Part of this is a bit of a curse. A more business-minded person than I would start a contract asking which corners might be cut (without anyone being any worse for it). For better or for worse, we tend to get uncomfortable around such thinking—as though we’d be shortchanging someone without investing suitable toil; similarly, we reach the end of many projects wanting to add “one more thing,” in order to make a project just a little better. This predilection is not an intelligent one, and it negatively affects the lifestyle I lead—and the pace at which our company becomes more profitable.

On the other hand, I see how this will benefit us in the long run. I’ve watched many design firms come and go, making great promises and subsequently under-delivering, only to grow tired of the whole rigmarole. There’s no shortage of “get rich quick” schemes and seemingly inventive folks who believe they can apply an assembly-line approach to this kind of work. Most leave as quickly as they came, learning that craft and commerce are awkward, yet necessary, bedfellows for any design firm worth its salt.

For some time, I apologized for the limited number of bodies within our walls, but in light of the low-grade of work produced by many agencies that dwarf us many times, I am less inclined to do so any longer. (This sentiment is echoed by a great many of our clients, who’ve come to experience the same disconnect between size and quality, first-hand.) As a result, I’ve come to see our agency as something akin to a fine cabinet-maker. We don’t need to make all the world’s cabinets, we just have to make very good ones. By making this determination, we are liberated from chasing all the work, and instead allowed to invest heavily in the select few clients who really value what we do.

Although there are many arguments for large companies and their collective power, I continue to believe that there are substantial gains to be found in thinking small. Running a big machine with low yield leaves one vulnerable in the incident of obstacle or failure. Concentrating on a more human-scaled one affords a number of freedoms: most markedly that of choice. Unwilling to take my word for this? Read Blair’s Win Without Pitching for more thinking that follows this train of thought.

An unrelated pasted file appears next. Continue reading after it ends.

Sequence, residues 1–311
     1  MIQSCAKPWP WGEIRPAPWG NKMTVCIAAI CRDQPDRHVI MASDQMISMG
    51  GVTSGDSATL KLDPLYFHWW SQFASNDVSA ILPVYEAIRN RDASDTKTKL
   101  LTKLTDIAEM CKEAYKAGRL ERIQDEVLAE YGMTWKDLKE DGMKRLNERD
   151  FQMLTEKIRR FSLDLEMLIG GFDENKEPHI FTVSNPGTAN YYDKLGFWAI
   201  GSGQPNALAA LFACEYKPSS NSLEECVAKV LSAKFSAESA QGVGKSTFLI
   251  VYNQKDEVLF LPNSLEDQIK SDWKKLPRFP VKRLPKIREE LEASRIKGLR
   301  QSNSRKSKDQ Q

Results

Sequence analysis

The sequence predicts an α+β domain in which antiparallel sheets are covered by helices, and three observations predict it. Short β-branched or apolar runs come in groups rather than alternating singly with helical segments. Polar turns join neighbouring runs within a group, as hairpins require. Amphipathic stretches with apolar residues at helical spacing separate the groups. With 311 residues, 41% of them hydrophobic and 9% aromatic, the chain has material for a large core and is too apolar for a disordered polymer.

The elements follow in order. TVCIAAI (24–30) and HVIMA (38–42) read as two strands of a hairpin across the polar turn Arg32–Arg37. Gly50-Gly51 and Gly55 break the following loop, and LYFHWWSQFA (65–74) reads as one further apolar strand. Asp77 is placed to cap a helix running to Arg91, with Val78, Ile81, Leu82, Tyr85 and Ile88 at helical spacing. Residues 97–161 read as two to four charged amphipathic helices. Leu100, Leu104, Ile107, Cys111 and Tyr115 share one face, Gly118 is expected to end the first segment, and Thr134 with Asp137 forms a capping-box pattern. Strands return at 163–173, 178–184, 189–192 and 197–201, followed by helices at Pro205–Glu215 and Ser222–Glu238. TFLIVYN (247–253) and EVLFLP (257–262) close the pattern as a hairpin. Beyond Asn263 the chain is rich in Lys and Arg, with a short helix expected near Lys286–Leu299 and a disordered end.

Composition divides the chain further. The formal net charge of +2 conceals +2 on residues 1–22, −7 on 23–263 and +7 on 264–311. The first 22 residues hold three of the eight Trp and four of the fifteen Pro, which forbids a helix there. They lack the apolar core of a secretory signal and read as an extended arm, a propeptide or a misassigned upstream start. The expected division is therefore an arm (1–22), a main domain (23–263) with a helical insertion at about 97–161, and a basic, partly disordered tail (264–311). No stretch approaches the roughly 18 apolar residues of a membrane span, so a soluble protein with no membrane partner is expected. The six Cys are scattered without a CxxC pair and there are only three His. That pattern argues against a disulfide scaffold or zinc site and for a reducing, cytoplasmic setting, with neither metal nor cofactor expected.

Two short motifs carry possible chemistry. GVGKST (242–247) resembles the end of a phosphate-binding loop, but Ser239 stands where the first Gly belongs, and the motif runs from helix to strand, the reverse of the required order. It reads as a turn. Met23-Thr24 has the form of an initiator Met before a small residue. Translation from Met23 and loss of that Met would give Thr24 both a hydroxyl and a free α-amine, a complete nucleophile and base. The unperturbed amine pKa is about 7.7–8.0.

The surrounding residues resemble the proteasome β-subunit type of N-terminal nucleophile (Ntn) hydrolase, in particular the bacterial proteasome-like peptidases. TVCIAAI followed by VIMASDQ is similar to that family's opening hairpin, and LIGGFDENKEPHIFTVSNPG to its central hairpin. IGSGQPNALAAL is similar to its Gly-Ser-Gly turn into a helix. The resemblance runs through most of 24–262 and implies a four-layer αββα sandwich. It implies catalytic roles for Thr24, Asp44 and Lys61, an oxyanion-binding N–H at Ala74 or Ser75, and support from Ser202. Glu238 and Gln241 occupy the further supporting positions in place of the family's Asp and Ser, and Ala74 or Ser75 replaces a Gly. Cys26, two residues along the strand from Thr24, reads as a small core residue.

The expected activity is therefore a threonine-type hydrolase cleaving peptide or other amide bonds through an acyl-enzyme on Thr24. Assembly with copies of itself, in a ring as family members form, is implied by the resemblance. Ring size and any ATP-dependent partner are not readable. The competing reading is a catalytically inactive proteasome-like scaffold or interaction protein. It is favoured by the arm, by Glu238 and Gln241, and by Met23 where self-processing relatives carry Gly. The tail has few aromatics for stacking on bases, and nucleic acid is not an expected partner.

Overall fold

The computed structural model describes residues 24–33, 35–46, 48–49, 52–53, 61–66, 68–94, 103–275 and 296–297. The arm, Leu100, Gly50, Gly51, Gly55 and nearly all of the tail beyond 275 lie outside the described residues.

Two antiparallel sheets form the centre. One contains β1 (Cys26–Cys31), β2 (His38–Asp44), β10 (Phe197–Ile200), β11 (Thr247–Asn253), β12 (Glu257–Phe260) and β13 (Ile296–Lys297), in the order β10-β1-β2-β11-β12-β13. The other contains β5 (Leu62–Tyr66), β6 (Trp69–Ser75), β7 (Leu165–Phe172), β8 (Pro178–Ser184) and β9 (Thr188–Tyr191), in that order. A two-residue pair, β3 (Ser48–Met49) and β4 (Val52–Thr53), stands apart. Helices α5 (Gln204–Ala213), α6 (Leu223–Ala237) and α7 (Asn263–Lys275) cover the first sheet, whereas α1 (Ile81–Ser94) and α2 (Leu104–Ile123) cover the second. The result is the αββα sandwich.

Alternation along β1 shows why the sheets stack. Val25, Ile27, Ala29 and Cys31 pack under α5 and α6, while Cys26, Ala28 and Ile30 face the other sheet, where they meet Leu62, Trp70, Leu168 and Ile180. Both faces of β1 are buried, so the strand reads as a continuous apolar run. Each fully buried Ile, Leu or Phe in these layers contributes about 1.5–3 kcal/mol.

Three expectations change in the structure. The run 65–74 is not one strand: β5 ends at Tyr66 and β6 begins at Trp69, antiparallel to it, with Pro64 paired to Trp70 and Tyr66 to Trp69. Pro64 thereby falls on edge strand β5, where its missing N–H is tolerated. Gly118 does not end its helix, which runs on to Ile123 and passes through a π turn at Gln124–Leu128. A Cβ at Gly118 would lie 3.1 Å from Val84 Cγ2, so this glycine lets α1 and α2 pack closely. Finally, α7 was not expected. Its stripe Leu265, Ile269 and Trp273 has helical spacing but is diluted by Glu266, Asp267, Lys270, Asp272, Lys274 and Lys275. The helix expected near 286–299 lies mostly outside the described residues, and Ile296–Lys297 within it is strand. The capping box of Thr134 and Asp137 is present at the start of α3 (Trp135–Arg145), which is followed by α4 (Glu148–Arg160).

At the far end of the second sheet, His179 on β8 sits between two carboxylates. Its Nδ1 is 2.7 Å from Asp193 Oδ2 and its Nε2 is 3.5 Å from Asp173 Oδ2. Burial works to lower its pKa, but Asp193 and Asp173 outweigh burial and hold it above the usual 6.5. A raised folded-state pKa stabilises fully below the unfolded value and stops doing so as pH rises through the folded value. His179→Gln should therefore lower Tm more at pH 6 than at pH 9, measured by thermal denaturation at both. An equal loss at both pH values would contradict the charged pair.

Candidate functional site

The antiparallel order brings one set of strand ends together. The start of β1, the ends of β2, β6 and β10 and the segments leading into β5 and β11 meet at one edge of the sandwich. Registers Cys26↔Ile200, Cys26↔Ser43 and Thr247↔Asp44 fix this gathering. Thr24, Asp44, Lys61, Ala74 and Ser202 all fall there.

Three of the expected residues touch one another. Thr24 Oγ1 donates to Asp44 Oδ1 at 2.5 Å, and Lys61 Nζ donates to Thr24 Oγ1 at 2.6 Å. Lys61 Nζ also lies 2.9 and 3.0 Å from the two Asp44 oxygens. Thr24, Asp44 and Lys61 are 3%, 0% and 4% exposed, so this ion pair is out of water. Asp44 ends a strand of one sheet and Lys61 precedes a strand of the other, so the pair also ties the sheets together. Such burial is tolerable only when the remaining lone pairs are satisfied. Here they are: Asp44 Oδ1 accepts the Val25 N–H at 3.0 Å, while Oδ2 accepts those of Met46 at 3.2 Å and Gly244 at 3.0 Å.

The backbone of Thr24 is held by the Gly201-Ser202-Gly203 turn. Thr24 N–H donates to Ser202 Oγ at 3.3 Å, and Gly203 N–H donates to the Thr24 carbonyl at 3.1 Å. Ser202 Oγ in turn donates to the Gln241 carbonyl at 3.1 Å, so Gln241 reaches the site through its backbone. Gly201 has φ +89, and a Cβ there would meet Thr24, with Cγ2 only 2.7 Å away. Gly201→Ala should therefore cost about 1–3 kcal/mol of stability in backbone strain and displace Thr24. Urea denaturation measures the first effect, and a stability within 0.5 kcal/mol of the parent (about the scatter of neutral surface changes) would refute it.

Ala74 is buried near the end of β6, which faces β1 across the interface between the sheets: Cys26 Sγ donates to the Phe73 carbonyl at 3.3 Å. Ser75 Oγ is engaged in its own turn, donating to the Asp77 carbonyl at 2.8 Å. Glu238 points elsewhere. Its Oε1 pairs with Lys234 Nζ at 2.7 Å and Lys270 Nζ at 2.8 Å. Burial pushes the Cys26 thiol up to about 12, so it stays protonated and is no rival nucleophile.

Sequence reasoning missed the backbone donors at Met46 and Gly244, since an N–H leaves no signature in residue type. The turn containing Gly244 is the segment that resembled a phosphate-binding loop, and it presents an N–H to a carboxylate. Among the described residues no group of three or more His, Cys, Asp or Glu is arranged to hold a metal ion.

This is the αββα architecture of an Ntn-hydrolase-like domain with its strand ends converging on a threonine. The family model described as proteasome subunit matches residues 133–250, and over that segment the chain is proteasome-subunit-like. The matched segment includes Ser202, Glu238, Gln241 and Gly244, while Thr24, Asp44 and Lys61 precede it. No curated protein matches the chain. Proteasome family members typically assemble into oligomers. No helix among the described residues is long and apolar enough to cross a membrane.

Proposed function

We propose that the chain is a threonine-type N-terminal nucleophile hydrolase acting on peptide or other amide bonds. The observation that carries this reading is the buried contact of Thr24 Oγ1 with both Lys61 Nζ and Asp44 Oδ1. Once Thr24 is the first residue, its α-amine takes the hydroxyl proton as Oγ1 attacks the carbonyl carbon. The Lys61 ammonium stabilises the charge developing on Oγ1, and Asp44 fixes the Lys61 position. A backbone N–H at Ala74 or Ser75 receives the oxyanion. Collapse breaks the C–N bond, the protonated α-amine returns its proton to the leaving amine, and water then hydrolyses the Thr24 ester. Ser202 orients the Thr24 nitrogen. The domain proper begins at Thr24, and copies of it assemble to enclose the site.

I’d like to provide some examples, pointing out how a few groups have crafted enviable positions for themselves. There’s Crescent Spur (a client of ours) that keeps improving service, but refuses to grow, even though many ask them to. The reason they don’t? They worry that doing so would separate them from their customers. Or, as one of the founders said it, “If we do that, I won’t be able to check the menu every day.” It’s true, as companies grow, their scale makes it hard to remain personal.

Then there’s Rayco Resophonics in Smithers, BC. Their resophonic and Hawaiian acoustic guitars start at $3,200 USD, and have a minimum 6 to 8 month wait. From what I hear, some rather well known guitarists are forced to (figuratively) stand in line, just like anyone else. By contrast, you can walk into any guitar shop around the world and get a Fender in any model, finish, or configuration you’d like; there’s little special about such a purchase. Rayco will never prove a “threat” to Fender, but that doesn’t matter. The people at Rayco are playing their own game. (For the record, I have no affiliation with anyone at Rayco.)

Another interesting example as of late is the DODOcase. This group (based in San Francisco) came out early with a Moleskine styled case for the iPad. There are imitators, and meanwhile, there are many other similar—and more readily available—products. Nevertheless, the wait list for a DODOcase was (until recently) up to 6 weeks. A great many (myself included) are willing to wait that long, just to get a product that is built well, and seems to be crafted with care, instead of something mass-produced in a factory somewhere.

A vision

I like the idea of an increasing number of people making better things. I also am particularly fond of people choosing their own destiny, and living in a world without bosses. Perhaps such a time is further off than I would like to admit, but I can’t help but feel that these things are all connected, and that not seeing that does have some bearing on our current messy state of affairs.